Arundel agency looking for a few good mentors


April 30, 2001|By Douglas Lamborne | Douglas Lamborne,SPECIAL TO THE SUN

CHRISTINE POULSEN is looking for a few good people who can be all that they can be -- for an hour a week.

She is special programs manager for the county Department of Social Services and in need of adult mentors for children ages 7 to 19.

"One hour a week is all it takes to make a difference in a young person's life," she said. "One hour goes a long way in helping a young person achieve success in school and life."

Poulsen estimates that Anne Arundel County has 100 households with children who could benefit from mentors. A potential mentor, she explained, comes in for an interview and details of the program, and fingerprinting as part of a background check.

"We're protecting children, after all," she said.

A training session of two to three hours comes next. "We talk about mentoring different types of cases, what's appropriate, what's not appropriate," Poulsen said.

The mentor then meets the family in the company of a social worker. "The relationship starts in a very structured format," Poulsen said. The social worker will make the judgment whether a mentor and a youngster are appropriately matched.

"The hours are flexible," she said. "A mentor works on his or her schedule and the family's schedule."

Poulsen said volunteers should count on making a yearlong commitment. "An early break in the relationship destroys trust," she said. "The youngster asks, `Why are you doing this?' They don't understand why someone might break off something that might have become important to them."

Rich Scordo of Annapolis and Ursula Nevius of Shady Side are two who have stepped forward and are in the early stages of preparing to participate. Both gave the impression that what they're doing is not that big a deal.

Scordo, 34, has a disability that prohibits him from driving and limits what he can do professionally. He has, he said, a lot of time on his hands.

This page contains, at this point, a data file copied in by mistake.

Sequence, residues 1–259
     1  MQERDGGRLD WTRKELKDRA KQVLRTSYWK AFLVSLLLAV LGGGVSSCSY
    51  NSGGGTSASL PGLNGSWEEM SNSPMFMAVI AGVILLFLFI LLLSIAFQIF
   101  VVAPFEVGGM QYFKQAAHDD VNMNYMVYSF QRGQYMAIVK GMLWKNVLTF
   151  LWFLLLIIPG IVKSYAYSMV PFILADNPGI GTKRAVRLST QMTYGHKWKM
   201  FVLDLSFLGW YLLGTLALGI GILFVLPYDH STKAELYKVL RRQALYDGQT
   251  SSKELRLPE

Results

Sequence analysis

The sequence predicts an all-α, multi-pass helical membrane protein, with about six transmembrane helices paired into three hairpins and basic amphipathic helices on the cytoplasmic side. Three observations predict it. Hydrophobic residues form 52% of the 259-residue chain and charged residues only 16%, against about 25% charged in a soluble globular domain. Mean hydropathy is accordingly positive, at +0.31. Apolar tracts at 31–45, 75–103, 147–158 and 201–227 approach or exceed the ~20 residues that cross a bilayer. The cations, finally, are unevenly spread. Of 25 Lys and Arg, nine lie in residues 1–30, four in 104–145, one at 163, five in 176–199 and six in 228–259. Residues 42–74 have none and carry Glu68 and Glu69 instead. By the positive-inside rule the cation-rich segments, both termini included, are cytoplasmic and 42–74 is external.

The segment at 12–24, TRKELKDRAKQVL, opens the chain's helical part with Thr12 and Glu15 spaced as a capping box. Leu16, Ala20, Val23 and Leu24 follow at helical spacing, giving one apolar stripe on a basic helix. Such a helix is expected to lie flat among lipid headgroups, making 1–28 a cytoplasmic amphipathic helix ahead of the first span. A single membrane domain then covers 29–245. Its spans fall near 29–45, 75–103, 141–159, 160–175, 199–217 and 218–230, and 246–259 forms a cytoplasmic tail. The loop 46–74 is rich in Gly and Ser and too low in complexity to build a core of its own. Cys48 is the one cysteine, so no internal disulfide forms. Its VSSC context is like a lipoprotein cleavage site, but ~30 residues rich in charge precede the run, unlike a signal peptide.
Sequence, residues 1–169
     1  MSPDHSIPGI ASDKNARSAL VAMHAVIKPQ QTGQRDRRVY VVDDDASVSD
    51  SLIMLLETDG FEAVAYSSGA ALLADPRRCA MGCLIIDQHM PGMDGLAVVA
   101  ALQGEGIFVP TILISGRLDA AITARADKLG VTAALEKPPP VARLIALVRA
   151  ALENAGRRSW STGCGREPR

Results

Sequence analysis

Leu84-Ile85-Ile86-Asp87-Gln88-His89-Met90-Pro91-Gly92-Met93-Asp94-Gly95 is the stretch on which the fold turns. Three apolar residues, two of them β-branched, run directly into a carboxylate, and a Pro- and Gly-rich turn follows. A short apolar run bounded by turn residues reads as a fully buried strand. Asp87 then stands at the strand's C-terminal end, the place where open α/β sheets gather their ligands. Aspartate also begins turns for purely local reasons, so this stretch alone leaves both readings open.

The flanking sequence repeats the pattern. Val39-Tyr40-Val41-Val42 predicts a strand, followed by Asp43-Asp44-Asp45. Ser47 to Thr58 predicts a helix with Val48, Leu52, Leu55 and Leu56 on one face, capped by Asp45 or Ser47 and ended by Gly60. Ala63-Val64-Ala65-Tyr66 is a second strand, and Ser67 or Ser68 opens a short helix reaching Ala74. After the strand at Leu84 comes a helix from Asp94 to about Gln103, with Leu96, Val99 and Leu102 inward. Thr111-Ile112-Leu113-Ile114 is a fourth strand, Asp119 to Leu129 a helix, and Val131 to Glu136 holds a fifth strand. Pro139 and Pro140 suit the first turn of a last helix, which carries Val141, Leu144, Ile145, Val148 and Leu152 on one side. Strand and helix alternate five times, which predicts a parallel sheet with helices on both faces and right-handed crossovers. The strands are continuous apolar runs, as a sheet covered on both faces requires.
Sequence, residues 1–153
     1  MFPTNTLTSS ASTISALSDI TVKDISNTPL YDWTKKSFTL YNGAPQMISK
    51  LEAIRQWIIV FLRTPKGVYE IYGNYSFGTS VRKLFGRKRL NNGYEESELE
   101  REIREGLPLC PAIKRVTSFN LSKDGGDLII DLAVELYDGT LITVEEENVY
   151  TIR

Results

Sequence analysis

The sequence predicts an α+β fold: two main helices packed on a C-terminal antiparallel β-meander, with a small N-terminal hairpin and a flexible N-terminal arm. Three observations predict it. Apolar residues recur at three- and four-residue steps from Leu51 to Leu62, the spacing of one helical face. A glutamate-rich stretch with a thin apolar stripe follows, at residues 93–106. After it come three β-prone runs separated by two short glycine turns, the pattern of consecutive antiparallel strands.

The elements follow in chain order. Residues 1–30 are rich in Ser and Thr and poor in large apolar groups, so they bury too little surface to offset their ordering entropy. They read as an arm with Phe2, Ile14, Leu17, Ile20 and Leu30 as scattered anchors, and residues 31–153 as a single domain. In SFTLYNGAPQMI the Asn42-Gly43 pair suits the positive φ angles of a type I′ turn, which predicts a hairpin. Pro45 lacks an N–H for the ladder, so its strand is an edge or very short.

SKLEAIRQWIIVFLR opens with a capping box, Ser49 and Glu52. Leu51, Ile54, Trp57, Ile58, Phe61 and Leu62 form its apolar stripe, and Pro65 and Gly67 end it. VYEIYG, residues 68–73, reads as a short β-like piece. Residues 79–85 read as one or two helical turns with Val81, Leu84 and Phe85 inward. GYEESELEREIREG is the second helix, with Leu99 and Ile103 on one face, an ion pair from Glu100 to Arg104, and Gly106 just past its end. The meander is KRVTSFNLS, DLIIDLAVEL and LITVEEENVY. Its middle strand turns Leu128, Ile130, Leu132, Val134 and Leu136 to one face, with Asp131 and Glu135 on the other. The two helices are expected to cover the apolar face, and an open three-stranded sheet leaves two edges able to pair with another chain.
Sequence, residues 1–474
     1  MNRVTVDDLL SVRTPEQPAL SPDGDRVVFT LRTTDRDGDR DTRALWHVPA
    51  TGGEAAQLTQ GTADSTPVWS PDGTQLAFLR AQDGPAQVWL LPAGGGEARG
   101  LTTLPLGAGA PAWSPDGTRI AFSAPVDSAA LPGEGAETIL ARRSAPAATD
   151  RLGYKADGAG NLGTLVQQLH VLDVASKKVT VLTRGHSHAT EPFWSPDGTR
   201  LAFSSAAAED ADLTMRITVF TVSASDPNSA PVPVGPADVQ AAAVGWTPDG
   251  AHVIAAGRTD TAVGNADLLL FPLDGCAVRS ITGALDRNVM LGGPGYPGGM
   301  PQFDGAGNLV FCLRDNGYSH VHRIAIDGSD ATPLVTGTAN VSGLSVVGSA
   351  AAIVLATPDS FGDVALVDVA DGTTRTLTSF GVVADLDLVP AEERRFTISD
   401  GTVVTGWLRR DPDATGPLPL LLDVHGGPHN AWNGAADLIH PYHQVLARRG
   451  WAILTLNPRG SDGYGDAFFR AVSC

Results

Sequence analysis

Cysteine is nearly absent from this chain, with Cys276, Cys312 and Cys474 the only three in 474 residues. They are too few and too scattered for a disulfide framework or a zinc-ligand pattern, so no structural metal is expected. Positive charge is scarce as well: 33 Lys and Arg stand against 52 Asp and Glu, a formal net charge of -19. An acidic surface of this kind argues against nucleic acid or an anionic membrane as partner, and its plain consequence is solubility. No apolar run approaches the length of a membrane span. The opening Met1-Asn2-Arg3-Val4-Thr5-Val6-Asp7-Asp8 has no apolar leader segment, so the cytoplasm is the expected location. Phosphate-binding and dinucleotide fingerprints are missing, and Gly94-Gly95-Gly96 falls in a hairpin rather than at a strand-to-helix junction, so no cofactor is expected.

"Some people may think I'm doing this because I'm bored out of my skull," Scordo said. "But that's not the case. I really think it's important to do this. I was raised in a middle-class Catholic family in New York where I was always given this idea of having to reach out."

He hopes to reach out by calling on his organizational and marketing skills as a former sales manager for a telecommunications company. "I want to be a recruiter for this program," he said, "by calling on businesses, churches and dot-coms and sell them this mentoring program to urge them to take these young people under their wings."

Nevius, 64, seemed similarly disposed.

"I've always believed in volunteerism," said Nevius, an office manager for a construction company. "I'm at a stage in life where I think I can do this. I have the health and the free time. I just read a piece in the local paper looking for mentoring volunteers, so I decided to try it, to help make a difference."

"Maybe just say it's altruism," Nevius said of her goal. "I've had this dream that if I had millions of dollars, I think I would like to be a philanthropist and just give it away."

Anyone interested in becoming a mentor can call the Department of Social Services in Annapolis at 410-269-4460.

Maritime festival

Warm-season festivities around Annapolis City Dock begin this weekend with Maryland Maritime Heritage Festival, from 10 a.m. to 6 p.m. Friday and Saturday and noon to 5 p.m. Sunday.

Eastern Shore singer-songwriter Janie Meneely will launch the stage entertainment at noon Friday, and the music and fun will continue pretty much nonstop. It also includes maritime exhibits, folklorists and performers.

An outdoor stage will be at Susan C. Campbell Park at the end of City Dock, with U.S. Coast Guard cutter James Rankin and the Pride of Baltimore II as backdrops.

Friday's program includes an official opening ceremony at 2 p.m., with remarks by Mayor Dean L. Johnson, County Executive Janet S. Owens, and U.S. Sen. Paul S. Sarbanes, who will dedicate City Dock and the Pride as official Chesapeake Gateways Sites in the National Park Service's new Chesapeake Gateways and Waterways initiative.

Saturday's schedule will include fife and drum performances sponsored by Historic Annapolis Foundation at Shiplap House on Pinkney Street. It also is sponsoring a concert by a brass quintet from Annapolis Symphony Orchestra at 7 p.m. in William Paca Garden on Prince George Street, for which admission will be charged.

Sunday's program includes a performance at 3 p.m. by Them Eastport Oyster Boys, Kevin Brooks and Jeff Holland. At 4 p.m., the U.S. Naval Academy Band will perform before and after induction ceremonies for the 2001 entries into the Maritime Hall of Fame.

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